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The Mass Media

The Mass Media

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March 4, 2024
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February 26, 2024
An inside look at Bobby B. Beacon’s insides. Illustrated by Bianca Oppedisano/ Mass Media Staff.
Bobby's Inside Story
February 26, 2024

“Domestic Disturbance” Not That Disturbing

The story of the boy who cried wolf has entirely changed in “Domestic Disturbance,” starring John Travolta, Vince Vaughn, Matthew O’Leary, Teri Polo and Steve Buscemi. What does a torn family do when their son, who has a history of lying, confesses he witnessed a murder by his new stepfather, the man he and his mother live with? Danny (O’Leary) confides in his protective and understanding biological father (Travolta) and Danny’s parents must decipher if this is just another one of his lies. The film races through scenes full of emotions and action with a somewhat predictable conclusion.

Set in a small harbor side community in Maryland, Frank Morrison (Travolta) is a struggling boat builder with a surprisingly healthy relationship with his ex-wife (Polo). Travolta, to appear as a hearty workman, has gained some weight for the film. He does a fine job convincing us that he is a loving and caring dad who only wants what is best for his troubled son. The film documents multiple father and son outings and sets up a close relationship between Danny (O’Leary) and Frank. The relationship appears healthy on screen but the conversations between the two are immature and unrealistic.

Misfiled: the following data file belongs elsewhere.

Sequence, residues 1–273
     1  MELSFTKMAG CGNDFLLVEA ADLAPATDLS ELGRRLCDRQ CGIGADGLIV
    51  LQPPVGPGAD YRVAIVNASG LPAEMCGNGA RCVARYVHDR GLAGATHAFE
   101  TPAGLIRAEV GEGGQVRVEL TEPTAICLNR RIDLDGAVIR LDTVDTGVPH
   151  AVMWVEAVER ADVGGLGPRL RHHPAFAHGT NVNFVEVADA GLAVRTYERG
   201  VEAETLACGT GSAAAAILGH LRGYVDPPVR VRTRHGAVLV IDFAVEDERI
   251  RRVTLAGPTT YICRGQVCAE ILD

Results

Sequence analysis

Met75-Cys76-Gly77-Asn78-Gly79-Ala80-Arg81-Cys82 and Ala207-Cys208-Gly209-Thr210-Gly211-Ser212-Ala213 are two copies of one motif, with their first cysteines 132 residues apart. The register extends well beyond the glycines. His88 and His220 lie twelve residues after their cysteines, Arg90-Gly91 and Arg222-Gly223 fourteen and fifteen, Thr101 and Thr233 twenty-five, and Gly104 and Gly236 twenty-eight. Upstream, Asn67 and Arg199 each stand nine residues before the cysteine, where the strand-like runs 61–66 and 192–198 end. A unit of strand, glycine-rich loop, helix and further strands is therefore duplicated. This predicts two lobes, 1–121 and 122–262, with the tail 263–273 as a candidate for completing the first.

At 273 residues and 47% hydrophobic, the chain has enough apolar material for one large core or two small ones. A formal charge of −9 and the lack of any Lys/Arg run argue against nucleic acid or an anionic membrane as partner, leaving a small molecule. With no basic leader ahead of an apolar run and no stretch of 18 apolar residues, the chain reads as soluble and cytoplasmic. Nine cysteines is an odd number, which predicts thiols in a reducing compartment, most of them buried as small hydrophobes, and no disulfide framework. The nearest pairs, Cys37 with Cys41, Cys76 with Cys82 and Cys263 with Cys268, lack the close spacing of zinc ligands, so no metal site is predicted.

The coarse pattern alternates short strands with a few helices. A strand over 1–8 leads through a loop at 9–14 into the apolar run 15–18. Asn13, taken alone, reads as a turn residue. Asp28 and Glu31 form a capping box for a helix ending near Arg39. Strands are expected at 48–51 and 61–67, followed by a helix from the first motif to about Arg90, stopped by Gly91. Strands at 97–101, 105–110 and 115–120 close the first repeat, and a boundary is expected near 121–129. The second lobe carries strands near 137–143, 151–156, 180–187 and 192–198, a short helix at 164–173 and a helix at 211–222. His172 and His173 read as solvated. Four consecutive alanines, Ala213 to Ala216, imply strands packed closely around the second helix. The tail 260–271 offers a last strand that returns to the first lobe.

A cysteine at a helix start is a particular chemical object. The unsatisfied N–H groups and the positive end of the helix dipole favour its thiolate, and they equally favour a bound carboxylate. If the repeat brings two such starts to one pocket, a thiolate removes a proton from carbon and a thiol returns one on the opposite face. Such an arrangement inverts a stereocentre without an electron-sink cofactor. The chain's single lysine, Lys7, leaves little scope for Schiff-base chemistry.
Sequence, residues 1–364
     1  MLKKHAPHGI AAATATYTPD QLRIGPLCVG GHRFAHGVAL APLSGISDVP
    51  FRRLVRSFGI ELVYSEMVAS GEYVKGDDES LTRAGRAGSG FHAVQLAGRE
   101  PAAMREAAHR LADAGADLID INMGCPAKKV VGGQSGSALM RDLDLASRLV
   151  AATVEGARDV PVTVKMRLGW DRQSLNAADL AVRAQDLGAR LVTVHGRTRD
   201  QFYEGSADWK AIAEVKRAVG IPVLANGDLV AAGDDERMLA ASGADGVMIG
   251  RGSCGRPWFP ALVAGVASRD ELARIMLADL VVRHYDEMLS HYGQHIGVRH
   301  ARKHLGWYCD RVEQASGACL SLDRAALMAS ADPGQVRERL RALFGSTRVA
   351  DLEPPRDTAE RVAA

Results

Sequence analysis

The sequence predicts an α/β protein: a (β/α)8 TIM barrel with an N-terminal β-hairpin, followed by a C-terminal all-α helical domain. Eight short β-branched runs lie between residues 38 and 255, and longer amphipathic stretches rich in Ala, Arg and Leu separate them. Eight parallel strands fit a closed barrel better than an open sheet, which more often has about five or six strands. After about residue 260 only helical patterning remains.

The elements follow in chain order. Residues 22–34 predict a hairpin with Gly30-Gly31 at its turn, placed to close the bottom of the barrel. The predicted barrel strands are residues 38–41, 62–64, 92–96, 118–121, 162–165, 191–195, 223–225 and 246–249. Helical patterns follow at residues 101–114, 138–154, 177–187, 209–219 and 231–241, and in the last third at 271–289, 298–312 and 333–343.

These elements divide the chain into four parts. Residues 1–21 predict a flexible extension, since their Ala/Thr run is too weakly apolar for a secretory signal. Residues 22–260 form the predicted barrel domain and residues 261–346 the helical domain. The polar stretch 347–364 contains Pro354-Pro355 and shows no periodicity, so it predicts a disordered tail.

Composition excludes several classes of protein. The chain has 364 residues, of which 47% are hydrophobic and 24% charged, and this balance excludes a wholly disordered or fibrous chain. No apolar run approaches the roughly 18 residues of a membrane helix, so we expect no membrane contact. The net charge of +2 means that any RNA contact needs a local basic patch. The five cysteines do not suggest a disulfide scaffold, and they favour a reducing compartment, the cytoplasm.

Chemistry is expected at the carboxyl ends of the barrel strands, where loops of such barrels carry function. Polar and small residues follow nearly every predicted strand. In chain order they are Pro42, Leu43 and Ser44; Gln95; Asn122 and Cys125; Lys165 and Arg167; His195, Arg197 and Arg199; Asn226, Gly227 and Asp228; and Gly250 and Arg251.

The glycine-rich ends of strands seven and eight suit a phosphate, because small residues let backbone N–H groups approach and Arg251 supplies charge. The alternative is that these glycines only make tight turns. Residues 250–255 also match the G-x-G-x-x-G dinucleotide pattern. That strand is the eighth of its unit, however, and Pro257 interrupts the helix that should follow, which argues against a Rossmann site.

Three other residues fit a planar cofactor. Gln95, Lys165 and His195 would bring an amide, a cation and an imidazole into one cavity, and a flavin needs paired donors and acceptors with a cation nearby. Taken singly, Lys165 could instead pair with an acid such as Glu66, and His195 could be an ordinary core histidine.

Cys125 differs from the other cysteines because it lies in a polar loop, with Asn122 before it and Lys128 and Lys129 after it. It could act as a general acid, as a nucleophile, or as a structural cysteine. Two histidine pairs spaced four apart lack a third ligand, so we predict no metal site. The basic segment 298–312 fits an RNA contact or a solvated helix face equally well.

When Danny confides that he is not happy about his mother remarrying Rick Barnes (Vaughn), Frank is not sure what to believe. Danny relays a story about how verbally abusive Barnes was to him, but Frank is not sure if he is hearing a true story or another one of Danny’s motivated lies. Matthew O’Leary, a 14-year-old actor from Chicago, is the highlight of the film. Not only does he create the major plotline, but this talented young actor is able to sink to lows (being patronized by his stepfather) and rise above in major action sequences (he gets out of being tied-up and surrounded by broken window glass).

Vince Vaughn does a commendable job as the two-faced Rick Barnes. Since marrying his new wife, he has ditched his criminal ways of the past. She, of course, does not know this and Barnes must keep this information away from her. Vaughn flips from a sweet, adoring husband who you begin to respect, until you are forced to see his violent and abrasive side. Vaughn is one of the stronger characters in the film because of his ability to flip between personalities with such ease.

The script is weak at times and makes the characters appear flat and banal. Danny’s mother is an attractive young woman who sends her new husband off one night saying, “Drive careful, it looks like a storm is comin’ in.” We have this contemporary woman speaking like an old housewife and this trite instance, unfortunately, draws your attention away from the real action that is going on-Danny hiding in Barnes’ Suburban.

The film moves at fast clip, as it is only 88 minutes long, and although scenes move swiftly, there is a tendency to leave out helpful information that may have added strength to the script. Frank Morrison goes on a search to prove his son’s story is valid, but the search never really kicks into full mode because the scenes are always abbreviated and we are left to guess or assume the rest.

“Domestic Disturbance” is action packed within a short amount of time. The cast covers up the weaknesses in the script allowing for entertainment, but not a lot of disturbance.